Five Lessons From a Work-In-Progress Screening
At the end of 2012, Matt Syzmanowski penned a guest post for us on the development of his feature, The Purple Onion. Now, as he’s finishing the final cut of the film, he sends us this follow-up detailing one unusual step along the way: screening the film to a large audience at Cinequest as a work-in-progress. Below are his five pieces of advice for any filmmaker on improving a cut using audience feedback. — SM
The Cinequest Film Festival invited us to screen our debut feature film, The Purple Onion, long before it was even completed. We knew we didn’t have the time needed to properly finish the film, and still, the festival organizers wanted to show any version we had, which was a complete honor. On March 9th, 11th and 15th we screened a work-in-progress cut in downtown San Jose, California.
Seeking new insights and wanting to gauge audience reactions, yet hesitant to expose ourselves to criticism, we went ahead and prepared questionnaire forms. We handed out nearly 500 of these forms to anyone who showed up to the three screenings, 140 of which were filled out and returned immediately afterwards.
These are the five take-aways from this experience.
1. Take a break from editing.
I had been editing on and off for seven months after wrapping the shoot. Finding time early in the morning, late at night, or between gigs and other commitments, I edited whenever I could. With my assistant Blake Smith we got to a point where the progressively more minute adjustments began to seem inconsequential. That was a good sign that we had to step away from the process for a few weeks before we were able to reassess the big picture again. On a whim I submitted the film to Cinequest weeks after their official deadline. I had interned at Cinequest nearly 12 years earlier and had since lost touch with anyone there. They accepted the film days later. We were able to prepare for another couple months before the screenings, but again, with other commitments it was a challenge to find adequate time to edit or work with my colorist or sound mixer. Two days before the first screening we delivered a Blu Ray disk with a rough cut of The Purple Onion.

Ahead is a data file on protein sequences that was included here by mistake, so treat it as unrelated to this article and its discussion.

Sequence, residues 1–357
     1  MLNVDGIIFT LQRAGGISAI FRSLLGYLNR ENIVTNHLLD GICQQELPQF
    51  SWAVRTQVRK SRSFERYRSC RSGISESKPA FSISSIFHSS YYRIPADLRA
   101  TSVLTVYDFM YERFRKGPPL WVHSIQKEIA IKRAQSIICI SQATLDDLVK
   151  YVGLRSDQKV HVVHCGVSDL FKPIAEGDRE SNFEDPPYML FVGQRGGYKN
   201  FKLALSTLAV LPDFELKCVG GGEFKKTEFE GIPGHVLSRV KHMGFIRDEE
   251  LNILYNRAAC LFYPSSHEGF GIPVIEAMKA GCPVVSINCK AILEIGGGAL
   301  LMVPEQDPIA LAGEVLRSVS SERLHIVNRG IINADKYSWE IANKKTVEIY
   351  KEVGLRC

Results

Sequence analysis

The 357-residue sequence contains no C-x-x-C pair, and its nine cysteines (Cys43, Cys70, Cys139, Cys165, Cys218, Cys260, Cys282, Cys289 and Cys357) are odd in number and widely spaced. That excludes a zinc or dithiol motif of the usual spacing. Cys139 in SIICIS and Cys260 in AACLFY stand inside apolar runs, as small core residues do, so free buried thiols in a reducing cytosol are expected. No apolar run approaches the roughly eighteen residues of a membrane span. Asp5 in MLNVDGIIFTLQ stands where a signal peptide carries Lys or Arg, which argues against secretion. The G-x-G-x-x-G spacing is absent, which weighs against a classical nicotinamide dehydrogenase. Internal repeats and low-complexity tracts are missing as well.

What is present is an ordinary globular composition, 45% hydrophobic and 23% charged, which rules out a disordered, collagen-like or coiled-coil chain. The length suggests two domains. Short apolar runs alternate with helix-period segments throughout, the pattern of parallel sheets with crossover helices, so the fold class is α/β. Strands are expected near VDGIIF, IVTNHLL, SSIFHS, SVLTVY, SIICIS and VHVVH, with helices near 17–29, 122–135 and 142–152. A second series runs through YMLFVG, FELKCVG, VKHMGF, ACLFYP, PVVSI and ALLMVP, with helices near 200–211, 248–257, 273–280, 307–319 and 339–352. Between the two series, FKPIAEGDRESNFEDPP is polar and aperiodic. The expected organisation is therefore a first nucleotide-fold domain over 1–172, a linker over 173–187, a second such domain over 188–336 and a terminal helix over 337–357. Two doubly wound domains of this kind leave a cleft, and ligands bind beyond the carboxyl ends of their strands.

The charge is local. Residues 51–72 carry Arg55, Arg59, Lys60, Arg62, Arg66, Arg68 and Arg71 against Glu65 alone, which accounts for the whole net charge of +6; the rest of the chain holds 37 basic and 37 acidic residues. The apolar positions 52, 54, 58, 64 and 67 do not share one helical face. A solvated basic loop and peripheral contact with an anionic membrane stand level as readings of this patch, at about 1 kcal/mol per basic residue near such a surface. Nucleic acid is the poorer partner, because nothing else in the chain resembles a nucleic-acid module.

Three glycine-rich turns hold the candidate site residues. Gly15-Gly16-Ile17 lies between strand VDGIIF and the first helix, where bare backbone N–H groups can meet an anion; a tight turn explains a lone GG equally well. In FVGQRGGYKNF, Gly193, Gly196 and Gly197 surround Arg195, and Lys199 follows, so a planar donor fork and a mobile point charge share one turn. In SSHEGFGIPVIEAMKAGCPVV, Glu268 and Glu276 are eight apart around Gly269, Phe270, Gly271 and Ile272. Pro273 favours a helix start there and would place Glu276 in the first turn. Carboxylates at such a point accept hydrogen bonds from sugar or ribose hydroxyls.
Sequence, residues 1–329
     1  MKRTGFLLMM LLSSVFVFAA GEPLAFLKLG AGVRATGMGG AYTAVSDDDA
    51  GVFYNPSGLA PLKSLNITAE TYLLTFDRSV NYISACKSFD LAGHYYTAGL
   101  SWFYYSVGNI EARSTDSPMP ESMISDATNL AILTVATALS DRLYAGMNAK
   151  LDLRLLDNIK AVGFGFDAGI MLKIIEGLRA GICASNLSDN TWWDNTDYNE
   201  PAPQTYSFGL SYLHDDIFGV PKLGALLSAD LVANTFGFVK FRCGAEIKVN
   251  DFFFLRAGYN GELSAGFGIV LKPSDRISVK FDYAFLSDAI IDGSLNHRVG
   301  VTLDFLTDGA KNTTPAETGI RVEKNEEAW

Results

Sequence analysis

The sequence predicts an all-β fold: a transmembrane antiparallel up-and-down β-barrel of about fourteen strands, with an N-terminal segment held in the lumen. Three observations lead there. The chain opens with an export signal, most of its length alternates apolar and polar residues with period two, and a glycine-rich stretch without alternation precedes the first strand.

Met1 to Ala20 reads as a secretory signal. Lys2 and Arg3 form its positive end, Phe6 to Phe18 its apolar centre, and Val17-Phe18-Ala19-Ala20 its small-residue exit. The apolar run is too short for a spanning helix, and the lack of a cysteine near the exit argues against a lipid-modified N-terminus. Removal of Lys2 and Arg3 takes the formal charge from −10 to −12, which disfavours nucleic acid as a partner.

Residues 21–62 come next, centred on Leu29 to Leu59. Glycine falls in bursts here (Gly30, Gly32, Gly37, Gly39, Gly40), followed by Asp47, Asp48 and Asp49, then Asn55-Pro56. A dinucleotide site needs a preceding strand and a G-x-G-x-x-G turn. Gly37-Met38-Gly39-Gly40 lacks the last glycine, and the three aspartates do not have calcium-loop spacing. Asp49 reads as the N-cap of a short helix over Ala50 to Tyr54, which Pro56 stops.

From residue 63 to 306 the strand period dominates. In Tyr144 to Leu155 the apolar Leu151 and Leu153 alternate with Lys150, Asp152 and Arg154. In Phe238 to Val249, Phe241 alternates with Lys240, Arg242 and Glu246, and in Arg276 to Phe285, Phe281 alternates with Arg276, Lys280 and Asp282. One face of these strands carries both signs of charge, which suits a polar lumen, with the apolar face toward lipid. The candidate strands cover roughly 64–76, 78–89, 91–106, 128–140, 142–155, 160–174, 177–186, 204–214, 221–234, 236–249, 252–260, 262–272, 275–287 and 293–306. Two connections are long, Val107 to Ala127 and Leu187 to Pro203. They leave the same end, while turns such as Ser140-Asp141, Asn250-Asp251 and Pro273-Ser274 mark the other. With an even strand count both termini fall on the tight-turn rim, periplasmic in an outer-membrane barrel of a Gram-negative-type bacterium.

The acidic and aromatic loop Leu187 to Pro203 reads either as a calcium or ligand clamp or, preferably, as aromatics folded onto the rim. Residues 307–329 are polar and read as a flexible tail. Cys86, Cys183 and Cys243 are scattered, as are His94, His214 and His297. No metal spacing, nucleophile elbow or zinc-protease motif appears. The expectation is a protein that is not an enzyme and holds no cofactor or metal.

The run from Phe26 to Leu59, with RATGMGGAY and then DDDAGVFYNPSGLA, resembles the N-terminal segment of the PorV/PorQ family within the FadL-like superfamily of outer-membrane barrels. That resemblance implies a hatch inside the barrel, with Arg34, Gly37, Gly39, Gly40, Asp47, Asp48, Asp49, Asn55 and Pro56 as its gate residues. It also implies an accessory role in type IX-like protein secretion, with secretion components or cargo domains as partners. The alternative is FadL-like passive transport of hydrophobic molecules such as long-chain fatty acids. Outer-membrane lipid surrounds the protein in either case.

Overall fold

2. Notice any patterns.
People will write all kinds of things about your film if you invite them to do so. Following the screenings I reviewed the filled out questionnaires and was surprised to find such varied responses. There were comments full of praise, expressions of complete distaste and notes of utter confusion. “Maybe I’m not cultured enough to get it,” one person wrote.
The most relevant advice is somewhere in the boiled down essence of all the feedback. If you notice patterns and consistency in what people write, you should look into it. For instance, I wanted the film to have a gradual pace, a slow unfolding narrative. Yet, I never imaged it having a “glacial pace,” as one person called it. When 91 questionnaires, 65% of the total, had numbers 1 or 2 circled in regards to pacing (where 5 was best), it’s safe to assume the pacing was in fact slow. I may have exaggerated the length of some shots and moments, I’ll admit; sometimes you want to see how far you can push boundaries. “I get the point of the scene way before it actually ends,” one person wrote. Since then I’ve ruminated aplenty on all the feedback and on the film as a whole. I’ve trimmed key moments and even completely cut out scenes so to lend more weight to the narrative. In total, I’ve shaved off about five minutes from the whole film. That’s a lot considering that in the preceding months the total duration had fluctuated by no more than a minute.
Based on the feedback, I was also surprised to learn that some elements of the story were polarizing. Primarily, it was regarding the vague or taboo relationship between the two Chinese American protagonists, who may or may not be related. “The ambiguity kept me hooked,” one person wrote, while another wrote the word “Confused,” when asked about their response to the relationship. People were also divided about the real life comedian Edwin Li’s restrained performance. The audience either loved him or hated him; they thought he was funny or boring, contemplative and thoughtful or totally inactive and unmotivated.
3. Embrace the positive feedback.